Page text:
Elementary Geometry for College Students (6th Edition)

Published by Brooks Cole
ISBN 10:
ISBN 13:

Chapter 10 - Section 10.5 - Equations of Lines - Exercises - Page 472: 43

Answer

$(b, \frac{ab-b^2}{c})$

Work Step by Step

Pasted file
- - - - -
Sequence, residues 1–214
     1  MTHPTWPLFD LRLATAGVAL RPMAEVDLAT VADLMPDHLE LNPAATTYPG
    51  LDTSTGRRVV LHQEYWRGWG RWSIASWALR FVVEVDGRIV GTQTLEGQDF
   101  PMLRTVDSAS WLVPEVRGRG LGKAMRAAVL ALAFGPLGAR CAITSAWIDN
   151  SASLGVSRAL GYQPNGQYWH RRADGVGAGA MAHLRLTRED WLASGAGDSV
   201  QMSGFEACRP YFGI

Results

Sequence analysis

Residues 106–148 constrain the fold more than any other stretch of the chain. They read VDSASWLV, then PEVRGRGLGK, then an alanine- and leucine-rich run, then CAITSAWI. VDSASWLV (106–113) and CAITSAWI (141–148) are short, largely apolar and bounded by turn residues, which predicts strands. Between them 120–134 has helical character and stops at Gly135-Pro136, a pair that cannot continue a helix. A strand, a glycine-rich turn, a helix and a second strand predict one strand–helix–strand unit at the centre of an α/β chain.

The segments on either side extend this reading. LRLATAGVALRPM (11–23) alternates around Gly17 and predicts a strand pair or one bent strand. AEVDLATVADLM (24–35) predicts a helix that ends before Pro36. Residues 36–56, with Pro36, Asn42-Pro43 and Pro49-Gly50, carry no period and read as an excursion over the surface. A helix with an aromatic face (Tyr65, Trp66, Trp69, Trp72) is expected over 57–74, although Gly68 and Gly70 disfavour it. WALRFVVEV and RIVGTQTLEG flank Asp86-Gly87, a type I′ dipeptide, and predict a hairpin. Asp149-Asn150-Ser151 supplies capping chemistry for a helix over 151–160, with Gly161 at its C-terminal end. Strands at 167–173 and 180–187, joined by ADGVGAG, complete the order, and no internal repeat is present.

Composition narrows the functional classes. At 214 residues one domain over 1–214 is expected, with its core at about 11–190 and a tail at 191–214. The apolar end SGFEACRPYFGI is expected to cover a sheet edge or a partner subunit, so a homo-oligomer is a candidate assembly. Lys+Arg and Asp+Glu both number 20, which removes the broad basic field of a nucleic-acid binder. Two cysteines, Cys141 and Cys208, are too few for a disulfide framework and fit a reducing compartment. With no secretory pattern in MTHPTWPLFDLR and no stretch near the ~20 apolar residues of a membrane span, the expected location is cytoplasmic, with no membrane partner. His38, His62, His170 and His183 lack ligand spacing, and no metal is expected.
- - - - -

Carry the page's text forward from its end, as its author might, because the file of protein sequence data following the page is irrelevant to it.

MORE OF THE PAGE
We first describe the slope. Using the knowledge of the point we are looking for, we see that the equation of the line is: $ y=\frac{a-b}{c}x$ We find the slope of one of the lines is: c/b Since this is perpendicular to the other line being considered, we find that the slope of that line is: -b/c (a,0) is on this line, which means the equation of the line can be described as: $y=-b/c(x-a)$ We equate these two equations to have: $\frac{a-b}{c}x=-b/c(x-a)$ Upon solving, we find: x =b We substitute back into the equation to find y: $ y = \frac{ab-b^2}{c}$ This gives the point: $(b, \frac{ab-b^2}{c})$
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